Winner of the Pen/Book-of-the-Month Club Translation Prize
The Brothers Karamasov is a murder mystery, a courtroom drama, and an exploration of erotic rivalry in a series of triangular love affairs involving the "wicked and sentimental" Fyodor Pavlovich Karamazov and his three sons--the impulsive and sensual Dmitri; the coldly rational Ivan; and the healthy, red-cheeked young novice Alyosha. Through the gripping events of their story, Dostoevsky portrays the whole of Russian life, is social and spiritual striving, in what was both the golden age and a tragic turning point in Russian culture.
This award-winning translation by Richard Pevear and Larissa Volokhonsky remains true to the verbal
inventiveness of Dostoevsky's prose, preserving the multiple voices, the humor, and the surprising modernity of the original. It is an achievement worthy of Dostoevsky's last and greatest novel.
Earn by promoting books
Earn money by sharing your favorite books through our Affiliate program.Become an affiliate
About the Author
Fyodor Dostoevsky was a Russian novelist and writer of fiction whose works, including Crime and Punishment and The Brothers Karamazov, have had a profound and lasting effect on intellectual thought and world literature.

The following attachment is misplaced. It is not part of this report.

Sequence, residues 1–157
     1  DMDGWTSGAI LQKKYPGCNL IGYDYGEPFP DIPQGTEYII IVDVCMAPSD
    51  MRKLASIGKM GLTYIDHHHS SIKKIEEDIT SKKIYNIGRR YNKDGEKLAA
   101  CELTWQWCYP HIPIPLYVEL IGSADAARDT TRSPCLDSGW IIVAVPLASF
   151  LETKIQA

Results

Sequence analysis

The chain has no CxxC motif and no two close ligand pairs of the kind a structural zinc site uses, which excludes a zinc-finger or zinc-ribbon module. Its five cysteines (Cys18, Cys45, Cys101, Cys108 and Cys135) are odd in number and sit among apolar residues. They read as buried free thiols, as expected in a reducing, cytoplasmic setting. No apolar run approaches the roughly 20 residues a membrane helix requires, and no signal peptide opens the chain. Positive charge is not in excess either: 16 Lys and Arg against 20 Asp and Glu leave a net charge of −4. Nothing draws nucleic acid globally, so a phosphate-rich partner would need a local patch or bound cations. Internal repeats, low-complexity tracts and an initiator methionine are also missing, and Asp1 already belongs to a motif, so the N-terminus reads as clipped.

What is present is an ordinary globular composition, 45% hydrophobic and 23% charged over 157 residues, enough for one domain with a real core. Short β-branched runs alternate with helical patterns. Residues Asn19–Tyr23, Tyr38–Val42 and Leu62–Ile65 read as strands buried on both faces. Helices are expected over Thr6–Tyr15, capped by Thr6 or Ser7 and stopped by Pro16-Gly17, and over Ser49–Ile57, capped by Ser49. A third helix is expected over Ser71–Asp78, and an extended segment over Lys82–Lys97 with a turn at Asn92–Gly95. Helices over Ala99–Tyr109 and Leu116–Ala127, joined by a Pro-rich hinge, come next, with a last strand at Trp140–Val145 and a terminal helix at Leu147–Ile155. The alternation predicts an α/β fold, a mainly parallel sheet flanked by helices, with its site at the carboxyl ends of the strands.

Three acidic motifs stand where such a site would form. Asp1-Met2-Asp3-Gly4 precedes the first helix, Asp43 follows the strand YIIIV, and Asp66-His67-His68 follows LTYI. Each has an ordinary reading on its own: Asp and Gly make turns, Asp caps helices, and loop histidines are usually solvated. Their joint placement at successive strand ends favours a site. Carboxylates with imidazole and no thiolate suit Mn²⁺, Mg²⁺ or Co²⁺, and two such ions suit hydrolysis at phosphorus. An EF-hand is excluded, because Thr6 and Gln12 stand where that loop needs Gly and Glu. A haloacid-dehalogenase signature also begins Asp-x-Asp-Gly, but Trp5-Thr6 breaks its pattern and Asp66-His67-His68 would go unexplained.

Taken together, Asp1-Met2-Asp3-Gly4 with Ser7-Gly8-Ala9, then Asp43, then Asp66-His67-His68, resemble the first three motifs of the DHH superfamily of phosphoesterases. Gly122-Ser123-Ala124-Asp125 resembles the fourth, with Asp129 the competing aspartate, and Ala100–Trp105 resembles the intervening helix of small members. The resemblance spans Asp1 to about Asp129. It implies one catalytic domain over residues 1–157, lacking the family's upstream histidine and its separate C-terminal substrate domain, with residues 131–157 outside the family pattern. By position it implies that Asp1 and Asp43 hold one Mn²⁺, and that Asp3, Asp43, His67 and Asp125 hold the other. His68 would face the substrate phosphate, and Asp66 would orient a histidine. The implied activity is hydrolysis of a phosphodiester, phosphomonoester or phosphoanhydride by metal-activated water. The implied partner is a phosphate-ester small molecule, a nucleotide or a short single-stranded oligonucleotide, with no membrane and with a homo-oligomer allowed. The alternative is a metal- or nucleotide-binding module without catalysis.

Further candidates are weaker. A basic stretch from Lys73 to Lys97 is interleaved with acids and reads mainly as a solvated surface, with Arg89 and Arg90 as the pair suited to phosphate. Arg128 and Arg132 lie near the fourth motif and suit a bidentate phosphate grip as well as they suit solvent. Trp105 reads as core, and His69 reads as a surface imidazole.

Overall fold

Richard Pevear and Larissa Volokhonsky were awarded the PEN/ Book-of-the-Month Translation Prize for The Brothers Karamazov and have also translated Dostoevsky's Crime and Punishment, Notes from Underground, Demons, and The Idiot.
"[Dostoevsky is] at once the most literary and compulsively readable of novelists we continue to regard as great . . . The Brothers Karamazov stands as the culmination of his art--his last, longest, richest and most capacious book. [This] scrupulous rendition can only be welcomed. It returns to us a work we thought we knew, subtly altered and so made new again." --Donald Fanger, Washington Post Book World
"It may well be that Dostoevsky's [world], with all its resourceful energies of life and language, is only now--and through the medium of this translation--beginning to come home to the English-speaking reader." --John Bayley, The New York Review of Books
"Heartily recommended to any reader who wishes to come as close to Dostoevsky's Russian as it is possible." --Joseph Frank, Princeton University
"Far and away the best translation of Dostoevsky into English that I have seen . . . faithful . . . extremely readable . . . gripping." --Sidney Monas, University of Texas